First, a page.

Utah's nonfarm wage and salaried job count for February 2011, as measured by the United States Bureau of Labor Statistics (BLS) through its monthly employer survey, expanded by 1.6 percent compared against February 2010. Total wage and salary employment measures 1,177,500.
The seasonally adjusted unemployment rate, Utah's other primary indicator of current labor market conditions also generated by BLS, registered 7.7 percent. Last February, the state's rate was 8.0 percent, a 0.3 percentage-point decline over the past 12 months. Approximately 104,000 Utahns are considered unemployed. The United States unemployment rate moved down one-tenth of a point to 8.9 percent.
The economy continues to show incremental employment gains in Utah. Most industrial sectors are adding jobs over the past 12 months, with the exceptions of construction, information, and financial activities. In a telling sign that the economy is starting to pick up the pace in this early phase of economic recovery, the professional and business services sector added over 9,000 new jobs. Nearly 4,000 of these are coming from employment service agencies and business support services.
Being counted in the unemployment rate is contingent upon participation in the labor force-in other words, looking for a job. Labor force population is considered as those 16 years of age and older. If all choose to work, the participation rate would be 100 percent. But not everyone 16 and over chooses to work, so the participation rate is always something less, and it fluctuates with good or bad economies. As of February 2011, that rate has declined to 66.9 percent-a 4.7 percentage-point drop in three years. This implies there are roughly 95,000 Utahns who have withdrawn from the labor force (non-employed) over the past three years-whether voluntarily or involuntarily. what Utah's non-employed picture looks like, and what kind of job growth will be needed going forward to undo the recession's damage (assuming some of these non-employed will come back into the labor force). This re-employment process and lowering the unemployment rate could be a drawn-out process spanning many months, if not multiple years.
The industry with the largest over-the-year percentage growth is natural resources, which includes mining and oil and gas. The industry grew 8.4 percent over the past year, but considering it is a relatively small industry in Utah, that adds up to only around 800 jobs. The increase is seen in the oil and gas sectors in response to the rising price of those commodities over the past year, rising from price levels that fell precipitously in 2009 to ones that currently have risen roughly to pre-recession levels-particularly oil. Natural gas prices have risen off the mat but are still below the peak levels seen before the recession. Yet, they have increased enough to once again invigorate the gas industry in the Uintah Basin.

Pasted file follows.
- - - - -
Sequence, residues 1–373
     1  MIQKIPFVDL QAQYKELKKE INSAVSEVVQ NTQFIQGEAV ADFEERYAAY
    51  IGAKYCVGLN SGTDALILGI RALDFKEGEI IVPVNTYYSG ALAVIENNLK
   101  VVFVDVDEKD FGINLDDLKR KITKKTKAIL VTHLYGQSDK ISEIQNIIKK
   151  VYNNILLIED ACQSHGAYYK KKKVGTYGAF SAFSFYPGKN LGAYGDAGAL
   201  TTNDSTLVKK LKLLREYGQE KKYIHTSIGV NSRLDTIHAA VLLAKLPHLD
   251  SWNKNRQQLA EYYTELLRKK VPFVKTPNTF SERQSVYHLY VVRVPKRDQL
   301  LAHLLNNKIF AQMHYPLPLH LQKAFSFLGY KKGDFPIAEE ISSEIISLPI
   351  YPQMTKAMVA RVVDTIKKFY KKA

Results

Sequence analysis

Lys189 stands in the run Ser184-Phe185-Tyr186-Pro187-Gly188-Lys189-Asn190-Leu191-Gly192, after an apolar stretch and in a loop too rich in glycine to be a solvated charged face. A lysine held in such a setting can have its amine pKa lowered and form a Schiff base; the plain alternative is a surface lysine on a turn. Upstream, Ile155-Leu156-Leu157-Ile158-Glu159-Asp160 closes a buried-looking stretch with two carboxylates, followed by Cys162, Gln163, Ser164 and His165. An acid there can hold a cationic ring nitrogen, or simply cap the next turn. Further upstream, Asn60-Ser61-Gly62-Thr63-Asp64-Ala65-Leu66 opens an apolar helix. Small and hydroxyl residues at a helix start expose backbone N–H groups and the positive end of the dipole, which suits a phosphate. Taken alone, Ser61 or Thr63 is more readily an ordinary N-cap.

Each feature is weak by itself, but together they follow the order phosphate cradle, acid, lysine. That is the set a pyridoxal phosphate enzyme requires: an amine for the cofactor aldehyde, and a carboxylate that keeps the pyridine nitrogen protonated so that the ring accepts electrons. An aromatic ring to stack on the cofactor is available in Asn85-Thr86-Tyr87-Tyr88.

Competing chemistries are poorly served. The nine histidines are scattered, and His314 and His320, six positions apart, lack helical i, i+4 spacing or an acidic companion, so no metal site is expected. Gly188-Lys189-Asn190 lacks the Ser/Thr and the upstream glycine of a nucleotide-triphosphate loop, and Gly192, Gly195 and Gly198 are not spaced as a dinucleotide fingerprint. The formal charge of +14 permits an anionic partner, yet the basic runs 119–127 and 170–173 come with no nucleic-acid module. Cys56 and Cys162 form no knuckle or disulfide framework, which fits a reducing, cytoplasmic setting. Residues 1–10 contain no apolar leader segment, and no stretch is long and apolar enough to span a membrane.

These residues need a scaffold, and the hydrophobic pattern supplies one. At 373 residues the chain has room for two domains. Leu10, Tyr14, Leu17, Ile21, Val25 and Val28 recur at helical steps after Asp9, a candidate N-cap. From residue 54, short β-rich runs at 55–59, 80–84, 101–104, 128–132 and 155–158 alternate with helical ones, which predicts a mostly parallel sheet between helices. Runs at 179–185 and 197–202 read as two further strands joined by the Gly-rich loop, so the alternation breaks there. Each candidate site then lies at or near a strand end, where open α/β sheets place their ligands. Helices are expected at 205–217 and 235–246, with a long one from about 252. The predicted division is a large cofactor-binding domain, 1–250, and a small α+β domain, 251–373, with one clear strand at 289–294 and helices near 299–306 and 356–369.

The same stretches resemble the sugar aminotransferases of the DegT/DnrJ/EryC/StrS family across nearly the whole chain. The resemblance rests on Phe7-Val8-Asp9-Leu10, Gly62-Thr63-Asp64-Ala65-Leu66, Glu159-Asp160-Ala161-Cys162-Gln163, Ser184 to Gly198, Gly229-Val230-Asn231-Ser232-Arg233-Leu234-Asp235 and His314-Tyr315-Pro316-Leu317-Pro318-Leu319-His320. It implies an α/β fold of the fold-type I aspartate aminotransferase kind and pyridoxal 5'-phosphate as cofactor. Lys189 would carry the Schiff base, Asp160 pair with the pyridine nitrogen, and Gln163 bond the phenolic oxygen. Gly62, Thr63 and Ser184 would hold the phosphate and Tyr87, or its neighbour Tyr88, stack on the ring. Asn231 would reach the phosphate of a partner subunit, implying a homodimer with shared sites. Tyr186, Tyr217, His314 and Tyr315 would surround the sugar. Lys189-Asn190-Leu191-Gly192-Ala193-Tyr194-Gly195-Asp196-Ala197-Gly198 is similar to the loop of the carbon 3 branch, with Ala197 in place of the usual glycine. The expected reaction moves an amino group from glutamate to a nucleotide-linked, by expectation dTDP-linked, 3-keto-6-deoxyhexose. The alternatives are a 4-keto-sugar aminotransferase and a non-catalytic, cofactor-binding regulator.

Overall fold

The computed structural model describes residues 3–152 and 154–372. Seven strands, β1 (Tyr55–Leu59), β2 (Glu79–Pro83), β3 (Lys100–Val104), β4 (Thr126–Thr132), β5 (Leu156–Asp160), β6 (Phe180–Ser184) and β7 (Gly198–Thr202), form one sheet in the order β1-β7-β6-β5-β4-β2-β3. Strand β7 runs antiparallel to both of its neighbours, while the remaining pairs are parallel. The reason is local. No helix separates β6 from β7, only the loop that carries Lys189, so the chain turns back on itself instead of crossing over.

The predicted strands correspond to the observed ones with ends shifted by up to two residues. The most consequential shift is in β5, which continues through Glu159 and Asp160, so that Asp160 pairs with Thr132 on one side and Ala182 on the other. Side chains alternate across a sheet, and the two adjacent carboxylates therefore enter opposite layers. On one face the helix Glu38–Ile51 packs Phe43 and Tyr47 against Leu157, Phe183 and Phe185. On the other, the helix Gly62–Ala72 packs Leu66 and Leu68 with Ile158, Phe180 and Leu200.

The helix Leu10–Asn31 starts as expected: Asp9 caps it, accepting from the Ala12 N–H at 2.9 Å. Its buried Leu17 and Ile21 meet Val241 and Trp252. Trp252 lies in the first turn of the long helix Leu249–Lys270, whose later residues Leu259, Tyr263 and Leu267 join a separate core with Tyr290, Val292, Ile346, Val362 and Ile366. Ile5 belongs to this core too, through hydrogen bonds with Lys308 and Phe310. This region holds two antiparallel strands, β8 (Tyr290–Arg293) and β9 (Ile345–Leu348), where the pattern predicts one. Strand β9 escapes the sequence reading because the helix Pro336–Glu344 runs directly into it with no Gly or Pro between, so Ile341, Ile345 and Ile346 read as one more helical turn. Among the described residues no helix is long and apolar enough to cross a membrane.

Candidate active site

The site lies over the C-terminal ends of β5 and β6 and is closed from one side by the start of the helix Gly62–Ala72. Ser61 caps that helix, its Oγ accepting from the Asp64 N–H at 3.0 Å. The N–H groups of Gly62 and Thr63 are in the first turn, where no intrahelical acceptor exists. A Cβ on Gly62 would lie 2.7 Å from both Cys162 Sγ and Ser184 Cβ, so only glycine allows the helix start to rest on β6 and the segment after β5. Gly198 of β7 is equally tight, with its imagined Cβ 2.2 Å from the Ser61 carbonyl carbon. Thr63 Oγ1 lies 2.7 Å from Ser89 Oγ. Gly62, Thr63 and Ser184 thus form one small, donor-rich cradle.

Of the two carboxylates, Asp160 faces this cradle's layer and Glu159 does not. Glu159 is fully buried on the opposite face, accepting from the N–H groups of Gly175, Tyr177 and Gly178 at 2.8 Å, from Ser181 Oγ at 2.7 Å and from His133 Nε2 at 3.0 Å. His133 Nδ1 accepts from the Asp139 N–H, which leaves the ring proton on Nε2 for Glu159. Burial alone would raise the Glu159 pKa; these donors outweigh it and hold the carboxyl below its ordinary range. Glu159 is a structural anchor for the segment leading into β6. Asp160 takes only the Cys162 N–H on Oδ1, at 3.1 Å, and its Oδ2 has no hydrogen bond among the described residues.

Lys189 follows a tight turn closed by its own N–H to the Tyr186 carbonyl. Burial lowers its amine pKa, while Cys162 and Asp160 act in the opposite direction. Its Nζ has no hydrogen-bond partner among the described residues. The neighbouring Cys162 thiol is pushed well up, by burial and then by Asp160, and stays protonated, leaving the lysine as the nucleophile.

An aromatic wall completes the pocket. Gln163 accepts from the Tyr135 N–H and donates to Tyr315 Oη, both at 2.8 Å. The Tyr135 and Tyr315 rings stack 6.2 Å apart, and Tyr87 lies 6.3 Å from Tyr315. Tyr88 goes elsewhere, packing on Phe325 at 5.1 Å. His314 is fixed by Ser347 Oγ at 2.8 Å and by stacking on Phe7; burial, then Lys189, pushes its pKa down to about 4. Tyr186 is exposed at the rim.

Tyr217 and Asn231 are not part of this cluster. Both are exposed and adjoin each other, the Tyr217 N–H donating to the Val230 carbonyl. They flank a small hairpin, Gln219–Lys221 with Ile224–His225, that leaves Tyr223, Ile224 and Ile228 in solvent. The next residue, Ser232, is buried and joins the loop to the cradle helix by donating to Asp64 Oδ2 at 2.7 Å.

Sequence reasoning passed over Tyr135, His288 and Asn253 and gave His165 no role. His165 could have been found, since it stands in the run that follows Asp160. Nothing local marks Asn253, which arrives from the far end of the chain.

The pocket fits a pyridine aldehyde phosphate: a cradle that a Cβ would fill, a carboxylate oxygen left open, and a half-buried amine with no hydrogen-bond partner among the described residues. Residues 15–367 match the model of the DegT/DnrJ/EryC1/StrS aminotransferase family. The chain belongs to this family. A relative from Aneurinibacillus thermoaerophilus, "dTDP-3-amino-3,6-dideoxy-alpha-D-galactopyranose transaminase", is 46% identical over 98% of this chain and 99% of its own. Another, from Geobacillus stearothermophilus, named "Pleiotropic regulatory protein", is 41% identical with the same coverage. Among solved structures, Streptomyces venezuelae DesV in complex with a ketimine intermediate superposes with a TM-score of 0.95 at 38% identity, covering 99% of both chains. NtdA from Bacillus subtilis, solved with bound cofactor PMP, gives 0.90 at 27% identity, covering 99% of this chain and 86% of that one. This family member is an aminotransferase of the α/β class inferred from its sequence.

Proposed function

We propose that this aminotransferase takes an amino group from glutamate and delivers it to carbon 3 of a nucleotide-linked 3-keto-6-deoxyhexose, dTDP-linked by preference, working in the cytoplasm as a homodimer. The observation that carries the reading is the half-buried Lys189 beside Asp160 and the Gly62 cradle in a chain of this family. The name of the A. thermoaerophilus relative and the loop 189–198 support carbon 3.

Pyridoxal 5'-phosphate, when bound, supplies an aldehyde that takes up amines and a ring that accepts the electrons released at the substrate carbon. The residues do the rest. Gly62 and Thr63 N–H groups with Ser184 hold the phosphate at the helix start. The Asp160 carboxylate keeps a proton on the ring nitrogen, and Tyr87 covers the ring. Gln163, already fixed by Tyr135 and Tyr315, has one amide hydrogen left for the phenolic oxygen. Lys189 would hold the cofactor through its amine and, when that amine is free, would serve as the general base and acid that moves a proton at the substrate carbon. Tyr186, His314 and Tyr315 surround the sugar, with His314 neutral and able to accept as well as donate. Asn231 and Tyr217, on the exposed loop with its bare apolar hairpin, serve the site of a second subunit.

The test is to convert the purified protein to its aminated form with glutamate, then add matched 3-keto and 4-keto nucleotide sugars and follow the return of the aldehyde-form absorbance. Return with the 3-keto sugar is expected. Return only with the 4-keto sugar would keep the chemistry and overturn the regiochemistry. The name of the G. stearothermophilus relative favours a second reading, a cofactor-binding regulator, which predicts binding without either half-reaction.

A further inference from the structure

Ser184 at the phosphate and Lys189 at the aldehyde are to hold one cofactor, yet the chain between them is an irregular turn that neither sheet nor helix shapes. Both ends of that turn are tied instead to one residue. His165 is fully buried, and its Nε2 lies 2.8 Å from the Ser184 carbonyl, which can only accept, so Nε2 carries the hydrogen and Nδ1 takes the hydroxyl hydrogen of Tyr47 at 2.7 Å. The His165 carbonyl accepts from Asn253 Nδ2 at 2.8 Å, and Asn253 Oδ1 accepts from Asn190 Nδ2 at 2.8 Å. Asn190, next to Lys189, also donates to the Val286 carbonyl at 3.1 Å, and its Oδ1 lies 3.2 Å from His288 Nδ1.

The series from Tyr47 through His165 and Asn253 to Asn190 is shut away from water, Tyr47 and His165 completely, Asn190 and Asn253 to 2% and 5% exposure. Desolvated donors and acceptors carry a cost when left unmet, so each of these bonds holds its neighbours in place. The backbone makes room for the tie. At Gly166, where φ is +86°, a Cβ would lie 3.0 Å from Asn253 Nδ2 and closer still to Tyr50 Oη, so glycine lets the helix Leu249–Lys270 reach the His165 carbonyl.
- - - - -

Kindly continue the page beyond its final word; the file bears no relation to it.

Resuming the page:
The construction industry's worst days are behind it, but employment levels have yet to make any kind of rebound. Construction is down 1,200 positions over the past 12 months, but February isn't a good month for this industry even in good times. Gauging this industry's performance and rebound potential may be better served by waiting until the warm weather returns in the spring.
The manufacturing industry experienced heavy employment losses during the recession, but its current performance shows these losses are behind us. This industry is once again growing in Utah with the addition of roughly 3,500 new positions over the past year.
The trade and transportation sector measured a year-over gain of 1,500 positions. Wholesale trade jobs were unchanged over the past 12 months at 43,400. Retail trade saw some expansion, as employment was up 1,000 positions over the year. Jobs in the transportation sector have increased by 500 positions.
Financial activities are still showing negative impacts from the recession. These positions are down by 1,100 as both the credit and banking industries are still making adjustments. The real estate arena has also not yet shown signs of recovery.
The professional and business services sector is the most robust industry, adding over 9,000 new jobs over the past year. Employment flowing through temporary help and employment services is a major contributing factor here, as these industries generally see an increase in traffic in the early stages of an economic expansion. But there is also significant employment gains registered in business support services and in the high-paying professional, scientific, and technical area (up 2,800).
The education and healthcare sector remains an employment stalwart, adding 3,700 new jobs over the past 12 months. Population growth and demographic factors are the main drivers of this sector, with minor impact from the overall economy. Both population growth and the down economy have fueled more students to enter the higher education system. Population increase is the main growth mechanism behind the healthcare industry's expansion.
Leisure and hospitality employment is up an encouraging 1,500 jobs over the past year. Ample snowfall this year has been a plus for Utah's ski industry.
Government employment is unchanged over the past 12 months.